I knew that mobile phones had become more popular during my stay in the monastery but I hadn’t realised just how much they were part of everyday life.
Having got on to the train which would carry me away from Skanda Vale and into my new life, I settled down in my seat expecting a peaceful four hour journey in which I could reflect on things. How wrong I was! The carriage was almost completely full and everyone, it seemed, was the owner of a mobile phone. For the duration of the next four hours I was obliged to listen to well over 20 different ringtones and their accompanying conversations! Before long I got to know each phone by it’s ringtone and the owner’s voice, so that when any particular phone rang I would know who was going to answer it! I was able to follow the development of various business deals and was being regularly updated about the status of several relationships, some of which had positive outcomes at least. Once or twice I took a little stroll through the carriage primarily to use the toilet but also to try to visually put faces to the people whose lives I was unwittingly becoming drawn into. I almost wanted to stop and speak to some of them! … “Oh I’m so happy she accepted your apology!”, “Congratulations with the new contract; I can see it means so much to you!”, “Don’t worry, give him a little time, you’ll see, he’ll come around to your perspective before long.”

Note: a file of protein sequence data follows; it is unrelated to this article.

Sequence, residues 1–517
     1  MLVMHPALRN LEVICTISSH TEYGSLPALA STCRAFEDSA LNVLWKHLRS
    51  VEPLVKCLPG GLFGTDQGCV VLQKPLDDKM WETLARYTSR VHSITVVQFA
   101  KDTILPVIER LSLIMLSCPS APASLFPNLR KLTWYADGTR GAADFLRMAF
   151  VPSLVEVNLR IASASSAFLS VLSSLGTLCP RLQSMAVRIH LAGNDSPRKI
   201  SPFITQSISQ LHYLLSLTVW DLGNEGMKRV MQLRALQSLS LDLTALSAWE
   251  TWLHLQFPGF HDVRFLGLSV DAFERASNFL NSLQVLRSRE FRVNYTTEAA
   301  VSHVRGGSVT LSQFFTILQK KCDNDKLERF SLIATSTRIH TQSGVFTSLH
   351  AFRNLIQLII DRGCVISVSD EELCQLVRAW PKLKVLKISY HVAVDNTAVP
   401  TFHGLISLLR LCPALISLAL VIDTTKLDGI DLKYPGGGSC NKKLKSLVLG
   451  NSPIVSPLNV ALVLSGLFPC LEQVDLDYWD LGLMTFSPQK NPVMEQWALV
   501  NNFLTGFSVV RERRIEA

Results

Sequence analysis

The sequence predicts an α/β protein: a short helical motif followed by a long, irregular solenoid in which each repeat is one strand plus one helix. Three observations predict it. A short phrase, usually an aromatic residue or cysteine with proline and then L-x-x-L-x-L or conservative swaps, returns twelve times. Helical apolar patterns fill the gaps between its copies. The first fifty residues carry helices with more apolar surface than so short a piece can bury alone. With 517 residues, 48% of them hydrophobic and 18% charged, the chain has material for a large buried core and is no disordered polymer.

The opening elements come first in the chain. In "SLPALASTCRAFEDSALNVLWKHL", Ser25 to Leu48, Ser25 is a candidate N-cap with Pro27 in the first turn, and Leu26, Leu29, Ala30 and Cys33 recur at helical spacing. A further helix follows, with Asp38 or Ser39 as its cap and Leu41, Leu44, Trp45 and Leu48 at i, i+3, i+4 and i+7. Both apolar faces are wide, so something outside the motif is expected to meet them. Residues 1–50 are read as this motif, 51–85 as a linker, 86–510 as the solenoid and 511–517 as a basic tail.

Well, on my little trips through the carriage I also noticed how many people were listening to headphones. These appeared mostly to be the ones who weren’t using their mobile phones much. It almost seemed to be a way of blocking out the auditory disturbances from those around. What an excellent idea! I thought. I must get one of those iPodie thingies!
Finally the train arrived in London, slowly clattering and jolting across the multitude of track junctions as it pulled in to Paddington Station. Now my mind turned to how I would cope with the next leg of my journey… through London’s Underground where I would literally rub shoulders with the innercity-hardened denizens of Europe’s largest metropolis.
As I stepped off the train and walked along the platform I noticed a sign on one of the other train carriages: “mobile phone-free carriage”. Well well! Next time I’ll make sure I choose that carriage!
Great post–I can’t imagine what that may have been like after the life you lived with so little distraction.
Your site looks great, by the way!
Hey Paul, thanks for the comment! There were so many little things like that which really hit me in the first days and weeks in the outside world. Even now, after 5 years, I’m still getting used to some things… like when your friend suddenly stops talking to you to answer his mobile phone!! I hate that!! 😉
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